Both cotton and acrylic yarns are available at a range of price points, from the premium to the purse-friendly. But cottons remain, on average, more expensive than acrylics. Both of these ball of yarn weighed 3.5oz when I bought them (I’ve already use quite a lot of the acrylic yarn on the left for a blanket!). The acrylic cost less than $3, and the cotton cost just over $7.
Working with acrylic vs cotton yarn
Some cotton and acrylic yarns feel very different to work with, and that means people tend to have strong feelings about working with one or the other. Mercerized cotton yarns are very smooth, making them a bit slippery to work with. But older cottons like Sugar ‘n’ Cream have the opposite problem. They are almost rough, making them a bit tough on your fingers.
Acrylics tend to divide opinion too. Some crafters love them, whilst others say the synthetic texture sets their teeth on edge. Some people also feel that they are a false economy, because they don’t last as well as natural fibers. My own opinion is that there are so many types of cotton yarn available to buy, and so many types of acrylic, that even if you’ve tried one and hated it, it’s worth trying a few others if you get an opportunity. A good way to do this is to look for yarn exchanges on social media, or in local community spaces like libraries.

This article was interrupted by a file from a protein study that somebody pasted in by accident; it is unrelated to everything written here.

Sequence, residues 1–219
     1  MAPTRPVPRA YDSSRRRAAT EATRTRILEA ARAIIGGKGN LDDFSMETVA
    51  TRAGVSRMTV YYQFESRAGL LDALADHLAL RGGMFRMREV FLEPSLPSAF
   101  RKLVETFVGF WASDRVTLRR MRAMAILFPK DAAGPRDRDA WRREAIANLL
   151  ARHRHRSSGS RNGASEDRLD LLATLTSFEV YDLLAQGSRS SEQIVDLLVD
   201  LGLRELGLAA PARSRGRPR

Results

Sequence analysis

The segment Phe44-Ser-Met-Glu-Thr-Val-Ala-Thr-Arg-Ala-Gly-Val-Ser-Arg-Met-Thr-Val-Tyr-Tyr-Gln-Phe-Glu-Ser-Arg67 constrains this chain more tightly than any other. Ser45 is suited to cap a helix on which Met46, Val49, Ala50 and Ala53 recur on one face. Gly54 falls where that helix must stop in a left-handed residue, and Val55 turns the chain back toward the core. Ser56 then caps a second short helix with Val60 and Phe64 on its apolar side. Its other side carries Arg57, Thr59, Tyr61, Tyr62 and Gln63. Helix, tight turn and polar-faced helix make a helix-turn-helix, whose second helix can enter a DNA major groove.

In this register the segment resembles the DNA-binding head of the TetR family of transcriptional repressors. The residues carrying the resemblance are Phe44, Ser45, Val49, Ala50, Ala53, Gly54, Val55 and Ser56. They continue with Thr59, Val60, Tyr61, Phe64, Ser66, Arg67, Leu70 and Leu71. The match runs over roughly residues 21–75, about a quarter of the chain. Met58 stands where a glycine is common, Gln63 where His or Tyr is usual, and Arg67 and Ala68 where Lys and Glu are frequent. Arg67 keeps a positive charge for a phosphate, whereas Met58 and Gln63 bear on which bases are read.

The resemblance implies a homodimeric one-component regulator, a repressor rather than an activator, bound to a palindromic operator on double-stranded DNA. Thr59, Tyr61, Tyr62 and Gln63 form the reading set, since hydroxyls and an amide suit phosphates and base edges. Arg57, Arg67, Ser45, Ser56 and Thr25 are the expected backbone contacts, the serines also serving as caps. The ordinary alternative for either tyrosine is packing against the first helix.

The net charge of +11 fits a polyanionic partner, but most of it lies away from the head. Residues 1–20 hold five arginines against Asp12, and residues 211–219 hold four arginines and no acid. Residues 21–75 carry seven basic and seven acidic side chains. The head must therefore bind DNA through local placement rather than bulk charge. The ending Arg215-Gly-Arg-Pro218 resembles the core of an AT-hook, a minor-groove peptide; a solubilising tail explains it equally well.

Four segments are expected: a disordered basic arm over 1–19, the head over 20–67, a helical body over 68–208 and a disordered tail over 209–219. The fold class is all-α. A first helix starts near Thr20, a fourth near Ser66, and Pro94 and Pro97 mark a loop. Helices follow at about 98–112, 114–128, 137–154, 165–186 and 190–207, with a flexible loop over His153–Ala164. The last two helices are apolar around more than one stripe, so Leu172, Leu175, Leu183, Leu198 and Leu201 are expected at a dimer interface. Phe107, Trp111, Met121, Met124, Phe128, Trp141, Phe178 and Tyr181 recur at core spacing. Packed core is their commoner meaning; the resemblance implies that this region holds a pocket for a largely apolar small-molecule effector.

Making your choice
When you’re working to a pattern that stipulates cotton or acrylic yarn, don’t swap for the other. As you can see in the photos for this article, it’s going to play havoc with your gauge, even if none of the other differences between them matter! For freestyle projects of your own design, consider these things:
Choose cotton for –
- Hardwearing items like storage baskets, purses and pencil cases.
- Items which need to absorb water, like dishcloths and facecloths.
- Clothes you’ll wear right next to your skin, like camisoles.
- Structured garments like boxy sweaters.
- Projects which focus on the sculptural quality of decorative stitches, like mandalas.
Choose acrylics for –
- Warm winter sweaters.
- Garments you can’t risk shrinking in the wash.
- Swimwear which is actually going to get wet (find out about specialist non-itchy synthetic yarns for making swimwear here).
- Items with high contrast color patterns.
- Big blankets, to keep costs down.
Still undecided? Then why not try a cotton acrylic blend, like Patons Cotton Blend 8-ply, or Rico Baby Cotton Soft DK, both of which are 50% cotton and 50% acrylic.
Acrylic yarns were really designed to work as substitutes for woolen yarns, not cotton ones. So, there are a lot of differences in weight, texture, and durability between cotton and acrylic. And whilst modern production methods have closed the gap between them a lot, you probably won’t mistaken one for the other any time soon! For this reason, think hard about what properties you need your crochet project to have before choosing a cotton vs acrylic yarn. And don’t swap one for the other when following patterns!
Let us know which of the two you prefer working with and why in the comments box down below 🙂